An historic stone buidling, Ross femal factory.
Ross Female Factory

Ross Female Factory Historic Site

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​Although little remains of the Ross Female Factory, the site, located just outside the picturesque township of Ross in Tasmania’s Midlands, holds a symbolic place in Tasmania’s convict history. Derived from the British institutional word ‘manufactory’, the name represents the prison’s role as a workhouse for the female convicts incarcerated here – some with their babies – between 1847 and 1854.

A rustic stone cottage at the entrance to the historic site that once housed the prison’s overseer is now a museum offering informative insights into the lives of female convicts in the mid-1800s. Upon arriving at the Ross Female Factory cast your eyes across the grassy expanse and try to imagine the clusters of stone buildings that on​​ce stood here, including a chapel, nurseries, workrooms and solitary confinement cells.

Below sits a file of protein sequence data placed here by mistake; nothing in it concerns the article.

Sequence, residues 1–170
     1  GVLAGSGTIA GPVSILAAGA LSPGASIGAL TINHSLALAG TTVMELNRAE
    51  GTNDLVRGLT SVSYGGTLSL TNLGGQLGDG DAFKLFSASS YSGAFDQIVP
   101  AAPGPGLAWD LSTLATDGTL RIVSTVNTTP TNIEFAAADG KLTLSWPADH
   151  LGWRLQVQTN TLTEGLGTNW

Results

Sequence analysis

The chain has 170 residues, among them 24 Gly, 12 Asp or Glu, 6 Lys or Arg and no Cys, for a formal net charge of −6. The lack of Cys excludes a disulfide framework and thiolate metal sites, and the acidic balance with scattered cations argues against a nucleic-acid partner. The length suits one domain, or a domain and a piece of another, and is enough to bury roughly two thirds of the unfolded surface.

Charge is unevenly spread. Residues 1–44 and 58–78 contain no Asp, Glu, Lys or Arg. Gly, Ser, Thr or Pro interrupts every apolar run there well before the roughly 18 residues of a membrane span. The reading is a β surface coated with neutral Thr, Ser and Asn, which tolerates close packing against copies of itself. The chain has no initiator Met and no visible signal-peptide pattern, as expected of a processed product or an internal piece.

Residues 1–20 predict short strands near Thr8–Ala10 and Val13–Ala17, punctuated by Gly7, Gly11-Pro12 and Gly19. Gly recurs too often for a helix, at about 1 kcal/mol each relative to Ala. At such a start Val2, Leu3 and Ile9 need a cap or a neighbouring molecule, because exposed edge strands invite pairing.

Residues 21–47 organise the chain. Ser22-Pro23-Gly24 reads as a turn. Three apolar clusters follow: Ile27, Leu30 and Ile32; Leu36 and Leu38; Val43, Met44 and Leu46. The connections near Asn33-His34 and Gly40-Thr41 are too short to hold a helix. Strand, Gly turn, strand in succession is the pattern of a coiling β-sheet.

The Ross Female Factory was one of four female workhouses established in Tasmania:

The Cascade Factory,​ Degraves Street, South Hobart (1829): this Factory is an Historic Site managed by the Parks & Wildlife Service. An interpretation display is provided for visitors.

The Launceston Factory (1832): this Factory was demolished in the 1930s, and built-over by Launceston College. The well, and an original sandstone perimeter wall remain.

The George Town Factory (1829): this Factory was occupied for only a short period in a house rented from a local clergyman. After the Launceston Factory was opened, George Town was closed.

The Ross Female Factory (1847): this Factory was adapted from an 1842 Road Gang Station built for male convicts. Although little architecture remains above the ground, Ross Factory is the most archaeologically intact female convict site in Australia.​